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Sep 28, 2010 08:20PM
Aug 20, 2013 07:49PM
I was very glad to hear from you again and to learn about your details and experiences.
I did not suffer very much from my treatment With both the chemotherapy and the radiotherapy I was just more tired than I usually was. I did not suffer much from my surgery either. I suppose this could be because I had never been ill before. A diagnosis of breast cancer came as a big shock, especially because a large tumour appeared to come from nowhere. I hear this comment quite a bit from women diagnosed with triple negative breast cancer. The tumour seems to come from nowhere and grow very quickly. I was very frightened, was in pieces for a day, then became very quiet and started to think about treatment etc.
The first thing I did was to start serious reading about breast cancer and I read a book entitled The Cancer Directory by Dr Rosie Daniels. I would recommend it to anyone diagnosed with breast cancer or any other cancer. I delayed treatment for quite a while, and I would not recommend this to other women. I did see alternative doctors, and they were very honest with me, and told me to have the conventional treatment. Once I had made that decision I went through everything very calmly. I had an excellent woman consultant, and excellent woman oncologist, and an excellent homeopathic doctor. The homeopathic doctor was recommended to me by my consultant and I saw that homeopathic doctor for almost five years and found her really helpful. She gave me medication at each stage of my treatment, and I believe it helped me.
Before accepting conventional treatment I went armed with written notes full of questions to both my consultant and oncologist, and they were always willing to answer any questions. I found out about triple negatives through my own research and then asked my consultant/oncologist any questions. It was very frightening to discover that a diagnosis of triple negative breast cancer is generally considered not to be good. However, I wonder if it is any different to any other BC diagnosis. Women do survive it. The difficult thing is that you feel strange, even lonely, because you do not have the back up medication that women with hormonal breast cancers have. However, hormonal medication, such as Tamoxifen and Arimidex, do have their side effects, and do not work for everyone.
I also found out that most, but not all, triple negative breast cancers, are described as "basal like", but I am not sure what this means.
I did see a genetic nurse, buit she said that I did not need genetic testing for the BRCA1 or BRCA2 gene. She said this because of my age and because only one family member, my maternal grandmother, had had breast cancer and that was in old age. If anyone feels they would like to have genetic testing, they should press for it, because I think it may be easier to get it than it was five years ago when I was diagnosed. At least I discovered, on my own, that triple negative breast cancers acted in a similar way to genetic ones, because of silenced genes, not damaged ones.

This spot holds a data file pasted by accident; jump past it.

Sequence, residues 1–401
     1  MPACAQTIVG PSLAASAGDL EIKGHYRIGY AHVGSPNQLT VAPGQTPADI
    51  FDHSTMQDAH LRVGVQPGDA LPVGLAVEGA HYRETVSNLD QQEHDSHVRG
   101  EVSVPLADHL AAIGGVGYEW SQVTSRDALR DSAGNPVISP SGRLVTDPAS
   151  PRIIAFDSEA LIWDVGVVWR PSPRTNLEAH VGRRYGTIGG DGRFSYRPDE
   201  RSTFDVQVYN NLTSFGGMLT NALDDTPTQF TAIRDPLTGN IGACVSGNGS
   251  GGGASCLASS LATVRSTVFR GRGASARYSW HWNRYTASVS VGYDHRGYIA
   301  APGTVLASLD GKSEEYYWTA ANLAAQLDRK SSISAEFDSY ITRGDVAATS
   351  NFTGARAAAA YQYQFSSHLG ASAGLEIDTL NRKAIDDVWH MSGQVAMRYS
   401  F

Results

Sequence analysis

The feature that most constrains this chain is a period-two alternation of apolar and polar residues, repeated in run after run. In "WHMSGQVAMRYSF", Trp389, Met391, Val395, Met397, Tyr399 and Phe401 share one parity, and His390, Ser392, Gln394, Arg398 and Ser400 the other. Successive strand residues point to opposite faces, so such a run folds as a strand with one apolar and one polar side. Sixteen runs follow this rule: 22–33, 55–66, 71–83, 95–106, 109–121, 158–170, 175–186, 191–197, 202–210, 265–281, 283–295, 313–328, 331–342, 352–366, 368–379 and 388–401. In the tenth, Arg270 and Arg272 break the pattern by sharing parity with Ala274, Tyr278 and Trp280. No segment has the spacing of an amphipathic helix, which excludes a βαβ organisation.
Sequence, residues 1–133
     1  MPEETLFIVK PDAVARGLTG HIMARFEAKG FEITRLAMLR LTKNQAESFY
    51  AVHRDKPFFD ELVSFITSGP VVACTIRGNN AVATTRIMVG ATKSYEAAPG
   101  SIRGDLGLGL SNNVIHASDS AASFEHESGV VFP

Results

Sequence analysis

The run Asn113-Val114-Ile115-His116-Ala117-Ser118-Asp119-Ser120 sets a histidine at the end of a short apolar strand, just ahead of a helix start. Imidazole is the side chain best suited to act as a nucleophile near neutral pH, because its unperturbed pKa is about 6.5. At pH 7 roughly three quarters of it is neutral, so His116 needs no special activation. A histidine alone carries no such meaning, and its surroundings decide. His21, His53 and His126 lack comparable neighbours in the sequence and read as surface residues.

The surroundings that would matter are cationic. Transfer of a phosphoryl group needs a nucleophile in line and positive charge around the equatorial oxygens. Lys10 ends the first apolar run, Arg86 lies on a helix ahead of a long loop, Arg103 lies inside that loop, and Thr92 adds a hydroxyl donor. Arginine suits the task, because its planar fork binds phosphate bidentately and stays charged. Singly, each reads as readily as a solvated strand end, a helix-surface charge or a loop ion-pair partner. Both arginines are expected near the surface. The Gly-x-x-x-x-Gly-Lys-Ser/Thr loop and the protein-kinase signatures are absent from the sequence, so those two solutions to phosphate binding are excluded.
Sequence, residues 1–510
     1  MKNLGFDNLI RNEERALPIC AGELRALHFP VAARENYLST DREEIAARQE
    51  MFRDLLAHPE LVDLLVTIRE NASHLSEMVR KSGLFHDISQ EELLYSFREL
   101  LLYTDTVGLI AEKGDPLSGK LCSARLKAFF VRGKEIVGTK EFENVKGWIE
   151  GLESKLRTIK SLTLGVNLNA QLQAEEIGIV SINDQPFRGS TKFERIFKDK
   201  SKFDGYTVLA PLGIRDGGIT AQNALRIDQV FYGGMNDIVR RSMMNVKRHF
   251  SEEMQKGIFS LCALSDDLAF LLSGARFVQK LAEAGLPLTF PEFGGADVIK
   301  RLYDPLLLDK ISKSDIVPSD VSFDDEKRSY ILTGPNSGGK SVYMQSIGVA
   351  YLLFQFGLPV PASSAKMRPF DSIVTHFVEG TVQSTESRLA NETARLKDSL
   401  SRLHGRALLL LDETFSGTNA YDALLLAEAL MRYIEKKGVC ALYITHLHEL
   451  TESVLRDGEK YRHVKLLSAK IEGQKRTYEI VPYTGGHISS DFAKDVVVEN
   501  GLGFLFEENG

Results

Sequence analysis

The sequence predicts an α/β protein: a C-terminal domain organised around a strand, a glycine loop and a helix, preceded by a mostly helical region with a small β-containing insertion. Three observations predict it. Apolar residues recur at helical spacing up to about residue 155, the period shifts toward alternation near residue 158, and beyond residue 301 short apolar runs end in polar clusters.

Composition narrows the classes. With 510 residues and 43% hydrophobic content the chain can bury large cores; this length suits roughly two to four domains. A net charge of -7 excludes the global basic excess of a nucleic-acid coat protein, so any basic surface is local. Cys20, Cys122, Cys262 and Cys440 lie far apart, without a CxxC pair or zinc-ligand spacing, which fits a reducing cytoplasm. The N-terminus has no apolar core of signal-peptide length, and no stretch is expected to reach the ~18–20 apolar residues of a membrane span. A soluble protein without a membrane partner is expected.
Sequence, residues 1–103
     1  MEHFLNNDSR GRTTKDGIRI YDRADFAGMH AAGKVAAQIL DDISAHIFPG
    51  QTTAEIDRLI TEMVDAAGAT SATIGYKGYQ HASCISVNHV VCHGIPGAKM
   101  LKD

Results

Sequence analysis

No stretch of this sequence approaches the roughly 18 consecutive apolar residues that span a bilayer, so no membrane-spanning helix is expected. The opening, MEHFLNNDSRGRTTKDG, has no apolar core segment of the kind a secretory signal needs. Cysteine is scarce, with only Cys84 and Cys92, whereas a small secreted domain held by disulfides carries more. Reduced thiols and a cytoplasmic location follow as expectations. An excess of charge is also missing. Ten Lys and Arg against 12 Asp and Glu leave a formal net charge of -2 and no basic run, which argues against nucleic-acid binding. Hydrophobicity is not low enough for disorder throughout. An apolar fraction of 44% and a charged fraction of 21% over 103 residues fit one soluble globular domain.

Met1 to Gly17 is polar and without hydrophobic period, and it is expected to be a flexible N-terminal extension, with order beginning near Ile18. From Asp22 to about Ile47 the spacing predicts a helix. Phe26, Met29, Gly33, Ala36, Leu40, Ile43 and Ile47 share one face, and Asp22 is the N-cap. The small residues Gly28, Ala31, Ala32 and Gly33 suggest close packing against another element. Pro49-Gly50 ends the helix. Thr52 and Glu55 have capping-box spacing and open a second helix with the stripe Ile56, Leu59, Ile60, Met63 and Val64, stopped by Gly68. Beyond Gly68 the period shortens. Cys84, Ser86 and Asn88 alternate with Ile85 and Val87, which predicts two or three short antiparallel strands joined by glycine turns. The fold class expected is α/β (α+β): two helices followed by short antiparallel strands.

One thing that did surprise me, during a conversation with my oncologist, was that she said my triple negative breast cancer may not have started as such, but may have mutated from a different kind.
I recently read that research was being done in trying to sensitise triple negative breast cancers to oestrogen, so that they could be treated with Tamoxifen. I would welcome any information about this from anyone viewing this forum. I do not know whether changing breast tumours like that is a good idea.
I have also been reading about proton radiotherapy that is less damaging than the radiotherapy that we currently have. Apparently it is available in other countries, but NICE is only just starting to think about it for the NHS. I think there may be certain hospitals here where you can get it.
Let us hope that some kind of preventive treatment will soon be available for us triple negatives. As for the cause of our cancer, we may never know, but there is almost certainly not one cause.
Is there anybody out there that was diagnosed with hyperparathyroidism at the same time as their breast cancer or before or afterwards? I was diagnosed with hyperparathyroidism at the same time as the breast cancer, and had surgery to correct this only last year. Some research indicates a connection between hyperparathyroidism and breast cancer. You can find information about this on the internet. There is also research about breast cancer and exposure to light at night. I have intiated forums about these on this site.
That is about all for today. Please keep this forum going. Sylvia.
Let your food be your medicine and your medicine be your food - Hippocrates B.C. 390 Preadjuvant chemo 3 months epirubicin, cyclophosphamide, 3 months docetaxel. Mastectomy RB Sentinel node pos Radiotherapy 3 weeks + boosters
6/20/2005, IDC, 6cm+, Grade 3, 1/7 nodes, ER-/PR-, HER2-
11/1/2005 Cytoxan (cyclophosphamide), Ellence (epirubicin), Taxotere (docetaxel)
5/17/2006 Lymph node removal: Right; Mastectomy: Right